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Materials Science



Creating chemicals for 150 years

By Sarah Harding, PhD - 6th June 2019

Robinson Brothers celebrates 150 years of business this year. Sarah Harding caught up with Adrian Hanrahan, Managing Director at Robinson Brothers, to hear how the company is marking this achievement, and his plans for the future.
 
Founded in 1869 by three entrepreneurial siblings, Robinson Brothers is one of the UK’s largest independent manufacturers of fine and speciality chemicals. Beginning with the distillation of coal tar, the company quickly moved into the production of Tarvia (a predecessor of Tarmac road surfacing), and with this knowhow moved into chemicals for the rubber industry.
 
The rubber industry still represents about 20% of overall business, and Robinson Brothers is renowned worldwide for its speciality products for rubber vulcanisation, low temperature curing and ultra-accelerators. Moreover, involvement in the rubber industry led to an expertise in hydrogenation, carbon disulphide, and other chemistries, which in turn led to opportunities in other sectors, including pharmaceutical and agrochemical intermediates, athletics shoes and – more recently, through the acquisition of Endeavour Speciality Chemicals – a rapidly-growing business in flavours and fragrances.
 
“The company evolved by reacting to the market and diversifying where it was opportunistic to do so,” explains Adrian Hanrahan, Managing Director at Robinson Brothers. “That entrepreneurial spirit has stayed with us, and we’re seeing a lot of good traction with new products that we’ve developed.”
 
Hanrahan is proud of the company’s R&D efforts which continue to follow market forces and generally focus on safer alternatives for ‘difficult’ chemistries. For example, “Historically, accelerators to produce rubber or latex goods contained a lot of nitrosamines, which are carcinogenic,” explains Hanrahan. “So we developed a range of products under our Robac brand, which are used as nitrosamine-free accelerators, and they comply with European regulations for toys and children’s articles, for example.”
 
Robinson Brothers exports about 70% of its business, to Europe, the US and Asia-Pacific. To facilitate this, the company partners with local entities that smooth the path of international trade. This approach has driven the expansion of overseas business in recent years, with particular growth in Europe and the US.
 
“We have a great partner in the US for our latex and non-pharma products,” explains Hanrahan. “We have set up a partnership with Thomas Swan and they’re doing a fantastic job for us.” Meanwhile, companies in the intermediates space might be interested to note that Robinson Brothers is still seeking a US partner to help expand their pharmaceutical and agrochemical intermediates in North America.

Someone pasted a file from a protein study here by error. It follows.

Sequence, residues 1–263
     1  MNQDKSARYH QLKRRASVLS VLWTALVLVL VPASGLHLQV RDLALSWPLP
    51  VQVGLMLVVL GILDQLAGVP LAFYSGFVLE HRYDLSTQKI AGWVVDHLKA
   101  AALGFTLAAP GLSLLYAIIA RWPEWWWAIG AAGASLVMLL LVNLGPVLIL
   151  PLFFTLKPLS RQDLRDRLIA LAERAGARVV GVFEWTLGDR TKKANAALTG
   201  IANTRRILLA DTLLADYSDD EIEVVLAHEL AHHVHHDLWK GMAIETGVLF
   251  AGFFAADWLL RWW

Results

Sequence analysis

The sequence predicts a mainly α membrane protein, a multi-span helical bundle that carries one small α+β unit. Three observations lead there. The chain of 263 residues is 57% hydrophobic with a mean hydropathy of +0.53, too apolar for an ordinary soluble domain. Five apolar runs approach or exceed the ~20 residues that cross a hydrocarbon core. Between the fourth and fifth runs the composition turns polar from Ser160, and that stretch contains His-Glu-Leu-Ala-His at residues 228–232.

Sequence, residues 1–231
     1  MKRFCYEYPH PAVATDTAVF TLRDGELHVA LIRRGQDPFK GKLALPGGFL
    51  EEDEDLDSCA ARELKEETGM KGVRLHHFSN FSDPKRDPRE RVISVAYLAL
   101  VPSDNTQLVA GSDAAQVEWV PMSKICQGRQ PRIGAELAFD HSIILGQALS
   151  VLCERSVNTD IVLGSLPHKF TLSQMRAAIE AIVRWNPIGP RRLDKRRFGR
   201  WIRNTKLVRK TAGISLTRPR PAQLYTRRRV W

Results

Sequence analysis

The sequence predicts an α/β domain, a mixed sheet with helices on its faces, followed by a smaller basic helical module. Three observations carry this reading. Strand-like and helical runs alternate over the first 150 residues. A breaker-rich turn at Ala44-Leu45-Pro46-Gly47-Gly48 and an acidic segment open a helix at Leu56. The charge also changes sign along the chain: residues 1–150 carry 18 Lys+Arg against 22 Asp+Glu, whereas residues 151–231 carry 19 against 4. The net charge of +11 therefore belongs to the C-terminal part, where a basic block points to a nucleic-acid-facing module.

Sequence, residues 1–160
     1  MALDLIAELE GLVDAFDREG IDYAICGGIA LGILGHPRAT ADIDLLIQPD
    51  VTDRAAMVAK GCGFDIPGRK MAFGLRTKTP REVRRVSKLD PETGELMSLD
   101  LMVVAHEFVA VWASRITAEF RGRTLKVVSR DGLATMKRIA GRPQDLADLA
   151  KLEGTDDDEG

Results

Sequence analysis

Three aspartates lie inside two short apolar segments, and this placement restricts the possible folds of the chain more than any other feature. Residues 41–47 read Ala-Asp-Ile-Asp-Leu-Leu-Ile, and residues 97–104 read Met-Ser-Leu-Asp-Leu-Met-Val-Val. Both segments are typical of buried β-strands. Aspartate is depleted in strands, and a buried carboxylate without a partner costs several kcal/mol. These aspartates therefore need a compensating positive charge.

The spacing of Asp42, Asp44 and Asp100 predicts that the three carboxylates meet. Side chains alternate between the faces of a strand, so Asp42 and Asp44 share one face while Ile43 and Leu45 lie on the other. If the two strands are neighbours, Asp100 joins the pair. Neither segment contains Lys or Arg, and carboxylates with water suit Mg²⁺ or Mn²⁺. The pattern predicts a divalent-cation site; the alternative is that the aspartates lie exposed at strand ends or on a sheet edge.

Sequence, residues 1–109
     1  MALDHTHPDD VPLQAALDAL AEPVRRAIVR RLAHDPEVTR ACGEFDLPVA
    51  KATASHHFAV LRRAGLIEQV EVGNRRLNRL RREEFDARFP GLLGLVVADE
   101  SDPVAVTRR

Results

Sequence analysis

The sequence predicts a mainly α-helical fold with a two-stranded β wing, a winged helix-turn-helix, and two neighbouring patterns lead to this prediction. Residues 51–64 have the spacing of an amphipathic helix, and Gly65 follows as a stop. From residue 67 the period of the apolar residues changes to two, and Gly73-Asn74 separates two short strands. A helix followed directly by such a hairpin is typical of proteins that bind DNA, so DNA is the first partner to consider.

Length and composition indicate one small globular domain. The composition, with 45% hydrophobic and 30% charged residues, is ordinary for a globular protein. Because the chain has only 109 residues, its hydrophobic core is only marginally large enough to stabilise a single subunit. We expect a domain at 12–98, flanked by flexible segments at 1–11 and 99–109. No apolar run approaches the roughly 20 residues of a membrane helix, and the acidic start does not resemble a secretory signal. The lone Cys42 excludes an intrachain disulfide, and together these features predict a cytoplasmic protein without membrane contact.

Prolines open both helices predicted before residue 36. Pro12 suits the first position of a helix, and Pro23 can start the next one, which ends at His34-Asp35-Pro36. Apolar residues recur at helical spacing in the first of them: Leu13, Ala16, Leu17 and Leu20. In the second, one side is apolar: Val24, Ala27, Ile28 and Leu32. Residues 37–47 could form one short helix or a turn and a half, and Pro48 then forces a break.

As for Europe, “Brexit…” Hanrahan sighs. “I think we’re all fatigued, aren’t we? We’ve appointed an Only Representative in Ireland where we’ll transfer all our registrations under REACH at one minute past midnight when BREXIT happens. This will allow us to keep trading with the EU 27. We will also have to register all our products and imported materials under UK REACH, which will put us at a competitive disadvantage to our EU competitors – it will be tough but we will overcome the challenge.”
 
I asked Mr Hanrahan why overseas companies are so keen to work with Robinson Brothers.
 
“Their fantastic management team!” he exclaims.
 
Well yes, of course! And anything else?
 
“We provide a full-service,” he says. “With R&D, polymer additives and kilo laboratories, and pilot and large-scale manufacturing plants, we can offer a full package. We provide in-house hazard screening to help our contract service customers by engineering out risk, and for our own products we keep ahead of the game by looking at market forces and innovating to overcome limitations – like nitrosamines in rubber, or another example is SRM102, a new accelerator that replaces ETU for curing polychloroprene… We’ve been around for 150 years and you only survive that long by doing the right things.”
 
Robinson Brothers 2019-04 Figure 1.jpg
Indeed, with 150 years of history, Robinson Brothers offers a rare legacy. The company is celebrating the milestone with a number of activities across 2019.
  • In April, the company held a Robac Technology Conference, where customers from 30 countries gathered to share ideas and best practices.
  • In June, the company hosted a major dinner at ChemSpec Europe in Basel, Switzerland.
  • In July, a new book called Robinson Brothers 150 Years in Business was published and gifted to employees, shareholders and customers.
  • In September, the company is holding an open day for current and past employees and their families, and local dignitaries – around 2000 people are expected to attend.
  • In November, the company is hosting a dinner at CPhI Worldwide in Frankfurt, Germany.
Yet while the company clearly values its heritage, its sights are firmly set on the future, not least through its transformation to digitization.
 
“We feel there’s huge potential in automation, for freeing people from manual tasks,” explains Hanrahan. “It’s early stages, but we’ve started that journey.”
 
The company is also investing in additional capacity, which could be seen as testament to faith in the future.
 
“It’s looking bright,” declares Hanrahan. “I know we have to deal with the US–China trade wars, which impact globally, and other political issues that bring volatility and uncertainty. But honestly, I’m actually very positive about the future.”
 
Contact:
Adrian Hanrahan, Managing Director at Robinson Brothers, Phoenix Street, West Bromwich, West Midlands, B70 0AH, UK
T: +44 (0)121 553 2451